New iPhone…When are Smartphones Okay?
I have to admit that I was quite excited about the new Verizon iPhone news. When I say excited, I mean “jump-around-the-room-and-shouting” excited. Of course, now I’m planning on how I can get the wife to agree to a new phone in the middle of a contract!
While I’m thinking about that, check out the Common Sense Media article that asks “Is It Really Smart to Give Kids Your Old Smartphone?” You can also read the post under the image below:
I’m the baby of my family, so I was the one who got the hand-me-downs. Nearly every winter coat and pair of snow boots passed from my brother to my sister to me. And while I can’t say I loved a certain threadbare, brown corduroy jacket, it kept me warm, and it sure helped me understand the value of a dollar.
Today’s kids still get secondhand stuff, but when it comes to high-tech devices, “previously owned” can be very advanced. Once kids get a taste of a maybe-not-the-latest-but-still-pretty-cool device, it’s a quick jump to the stuff that younger ones may not be ready for, like social networking, massively multiplayer online games, video chatting, and location services. But that’s hard to explain when they’ve just received the device that gives them entrée into that world — from you.
I’m not pointing fingers, because we do it in our family, too.
My husband’s old iPod Touch became my son’s when hubby moved up to a smartphone with a built-in MP3 player. My son was 11 and just getting into the Beatles, and we were more than happy to foster his love of great music.
But it wasn’t long before we realized that we hadn’t even scratched the surface of what the Touch could do. Of course, my son was all too eager to maximize the device’s capabilities by watching TV on it. Who knew?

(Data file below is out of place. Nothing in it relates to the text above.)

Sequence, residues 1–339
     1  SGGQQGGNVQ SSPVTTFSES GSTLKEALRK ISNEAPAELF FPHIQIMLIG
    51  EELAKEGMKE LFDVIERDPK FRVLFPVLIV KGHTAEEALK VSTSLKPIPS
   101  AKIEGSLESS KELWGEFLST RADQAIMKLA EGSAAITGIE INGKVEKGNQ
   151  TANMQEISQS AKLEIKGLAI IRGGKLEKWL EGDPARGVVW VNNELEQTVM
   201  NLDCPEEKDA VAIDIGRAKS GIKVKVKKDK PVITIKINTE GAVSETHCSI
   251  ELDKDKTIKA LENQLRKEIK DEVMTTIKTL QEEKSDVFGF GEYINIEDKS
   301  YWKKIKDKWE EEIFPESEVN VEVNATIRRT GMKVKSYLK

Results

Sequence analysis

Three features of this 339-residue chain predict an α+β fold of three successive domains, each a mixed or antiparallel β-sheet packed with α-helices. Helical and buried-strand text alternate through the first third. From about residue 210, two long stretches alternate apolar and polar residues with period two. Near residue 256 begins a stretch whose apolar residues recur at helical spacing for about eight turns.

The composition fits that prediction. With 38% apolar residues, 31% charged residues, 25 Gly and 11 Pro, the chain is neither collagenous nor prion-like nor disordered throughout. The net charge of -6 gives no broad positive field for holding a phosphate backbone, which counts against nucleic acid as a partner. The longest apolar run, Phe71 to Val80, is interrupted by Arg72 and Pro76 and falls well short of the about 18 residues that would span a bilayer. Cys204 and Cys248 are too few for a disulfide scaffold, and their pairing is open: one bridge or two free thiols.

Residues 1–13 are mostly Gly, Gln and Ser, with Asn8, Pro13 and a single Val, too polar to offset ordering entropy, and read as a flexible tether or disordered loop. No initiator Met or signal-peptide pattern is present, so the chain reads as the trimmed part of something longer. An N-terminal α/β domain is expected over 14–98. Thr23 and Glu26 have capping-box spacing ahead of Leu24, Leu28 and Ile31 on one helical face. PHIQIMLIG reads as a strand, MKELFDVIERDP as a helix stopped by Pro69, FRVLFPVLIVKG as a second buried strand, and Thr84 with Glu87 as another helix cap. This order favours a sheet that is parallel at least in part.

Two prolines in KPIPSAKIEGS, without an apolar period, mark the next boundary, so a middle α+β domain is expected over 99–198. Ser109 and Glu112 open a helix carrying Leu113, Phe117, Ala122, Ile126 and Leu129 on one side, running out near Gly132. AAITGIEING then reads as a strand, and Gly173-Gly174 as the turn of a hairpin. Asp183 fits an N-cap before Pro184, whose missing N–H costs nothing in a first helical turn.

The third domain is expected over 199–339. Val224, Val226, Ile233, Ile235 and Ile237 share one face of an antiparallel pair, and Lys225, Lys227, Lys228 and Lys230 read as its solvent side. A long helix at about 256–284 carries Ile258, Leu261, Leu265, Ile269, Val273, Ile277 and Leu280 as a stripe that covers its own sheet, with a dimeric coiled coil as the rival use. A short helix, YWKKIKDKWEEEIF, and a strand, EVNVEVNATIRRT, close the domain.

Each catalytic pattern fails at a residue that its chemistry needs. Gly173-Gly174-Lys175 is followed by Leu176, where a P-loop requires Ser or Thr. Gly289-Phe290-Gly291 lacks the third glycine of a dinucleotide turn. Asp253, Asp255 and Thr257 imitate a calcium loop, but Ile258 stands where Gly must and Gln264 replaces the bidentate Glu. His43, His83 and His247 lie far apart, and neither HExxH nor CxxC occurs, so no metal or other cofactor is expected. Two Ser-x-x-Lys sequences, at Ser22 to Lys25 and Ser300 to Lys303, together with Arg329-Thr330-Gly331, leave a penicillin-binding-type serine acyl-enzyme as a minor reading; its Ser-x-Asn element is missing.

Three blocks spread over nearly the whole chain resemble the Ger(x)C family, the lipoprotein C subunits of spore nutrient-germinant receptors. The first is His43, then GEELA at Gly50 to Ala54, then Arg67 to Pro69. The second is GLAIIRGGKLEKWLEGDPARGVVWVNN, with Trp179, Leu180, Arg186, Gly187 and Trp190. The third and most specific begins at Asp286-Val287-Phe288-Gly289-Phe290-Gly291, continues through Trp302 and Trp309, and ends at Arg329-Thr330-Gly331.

Lots of families pass along their used devices to their kids. Sometimes it just makes sense, and in some cases, it’s cost effective. But it’s important to remember that these are very powerful devices that aren’t necessarily designed with kids in mind.
Here are four lessons — which I learned the hard way — on how to smoothly transition your old device so you can focus on what’s really important: playing with your new one!
How to Manage Your Device’s Second Life
Lesson one: Know what the device can do. If something has powerful features, rest assured that your kid will discover them and want to use them. Do your research so you can talk to your kids — and set limits on — these capabilities.
Lesson two: Turn off — or don’t pay for — the stuff you don’t want your kids to use. Use the device’s parental controls to lock features that you don’t want your kid to access. Things like location services, downloading ability, and even data plans are all things your kid may not need. Explain to your kids that you’ll unlock the features as they grow into them.
Lesson three: Discuss responsible ownership. When you give kids high-tech devices, you’re putting a lot of power in their hands. Talk about your expectations for responsible ownership, like not taking or posting embarrassing photos on Facebook, learning the importance of privacy settings, or even figuring out how to tell when an ad is a scam.
Lesson four: Check yourself. Would you be giving your kid such a powerful device anyway? If the device is, say, a few technical notches above what you’d probably buy for them, maybe now isn’t the time to bequeath it after all.